For many, maintaining weight is much more difficult than weight loss. This is because despite high effort, their bodies remain similar and they don’t feel a sense of accomplishment or success. This can lead to a return in old habits and coping strategies. Realistic expectations set you up for success. [4]

While rigid approaches (like cutting out carbohydrates or other food groups) can feel like a simplified approach to nutrition, it is associated with poorer weight control. A rigid, inflexible approach to dieting can make it more difficult to adapt to changes in circumstances and overcome setbacks. The “all or nothing” mentality is unrealistic and can cause individuals tog et caught up in a cycle of bingeing and restricting.

If you’d like support of a registered dietitian in transitioning to a more flexible and sustainable approach,  you can contact me here.

balanced diet instead of a rigid, inflexible diet is better for weight loss
A balanced diet instead of a rigid, inflexible diet is better for weight loss and maintenance.

5. Relapse Prevention Training

The inevitable slip ups will occur but how do we stop ourselves from giving up and falling back to our old habits.

The best ways to prevent relapse involves:

  • Re-engaging and touching base with your healthcare provider to create a plan.
  • Proactively anticipating challenges and solving potential problems.
  • Building strategies for coping mechanisms beyond comfort eating in response to a difficult day or binge eating due to overwhelm and frustrates. Those who successfully maintain weight loss find alternate ways to cope with tough emotions and situations.
  • Addressing unhelpful thoughts e.g.” I’m a failure” or “I can’t control myself around food”

stress management and relapse prevention. women meditating and listening to music

References
Unick, J. L., Neiberg, R. H., Hogan, P. E., Cheskin, L. J., Dutton, G. R., Jeffery, R., Nelson, J. A., Pi-Sunyer, X., West, D. S., Wing, R. R., & Look AHEAD Research Group (2015). Weight change in the first 2 months of a lifestyle intervention predicts weight changes 8 years later. Obesity (Silver Spring, Md.), 23(7), 1353–1356. https://doi.org/10.1002/oby.21112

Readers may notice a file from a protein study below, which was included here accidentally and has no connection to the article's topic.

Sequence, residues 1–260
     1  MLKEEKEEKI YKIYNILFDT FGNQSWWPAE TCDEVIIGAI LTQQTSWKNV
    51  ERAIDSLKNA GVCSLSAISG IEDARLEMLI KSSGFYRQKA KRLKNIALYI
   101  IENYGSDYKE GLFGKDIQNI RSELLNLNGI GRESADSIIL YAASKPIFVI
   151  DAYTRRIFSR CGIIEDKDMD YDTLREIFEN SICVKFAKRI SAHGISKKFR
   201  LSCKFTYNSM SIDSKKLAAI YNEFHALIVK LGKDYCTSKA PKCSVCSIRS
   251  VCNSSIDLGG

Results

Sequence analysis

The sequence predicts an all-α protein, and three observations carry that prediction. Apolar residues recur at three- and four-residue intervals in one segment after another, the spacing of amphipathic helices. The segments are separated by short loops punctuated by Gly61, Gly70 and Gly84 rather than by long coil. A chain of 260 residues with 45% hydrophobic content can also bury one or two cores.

2013 AHA/ACC/TOS guideline for the management of overweight and obesity in adults: a report of the American College of Cardiology/American Heart Association Task Force on Practice Guidelines and The Obesity Society. Jensen MD, Ryan DH, Apovian CM, Ard JD, Comuzzie AG, Donato KA, Hu FB, Hubbard VS, Jakicic JM, Kushner RF, Loria CM, Millen BE, Nonas CA, Pi-Sunyer FX, Stevens J, Stevens VJ, Wadden TA, Wolfe BM, Yanovski SZ, Jordan HS, Kendall KA, Lux LJ, Mentor-Marcel R, Morgan LC, Trisolini MG, Wnek J, Anderson JL, Halperin JL, Albert NM, Bozkurt B, Brindis RG, Curtis LH, DeMets D, Hochman JS, Kovacs RJ, Ohman EM, Pressler SJ, Sellke FW, Shen WK, Smith SC Jr, Tomaselli GF, American College of Cardiology/American Heart Association Task Force on Practice Guidelines., Obesity Society. Circulation. 2014 Jun 24; 129(25 Suppl 2):S102-38
Wu, Lei MPHa; Sun, Samio PhDb,c; He, Yao MD, PhDa,d,*; Jiang, Bin MD, PhDe The effect of interventions targeting screen time reduction, Medicine: July 2016 - Volume 95 - Issue 27 - p e4029 doi: 10.1097/MD.0000000000004029
Hall, K. D., & Kahan, S. (2018). Maintenance of Lost Weight and Long-Term Management of Obesity. The Medical clinics of North America, 102(1), 183–197. https://doi.org/10.1016/j.mcna.2017.08.012z
Valentina Duong
Valentina Duong
A nutritionist and powerlifter with numerous first place finishes at national and international competitions. Valentina's rediscovering joy, one snack at a time.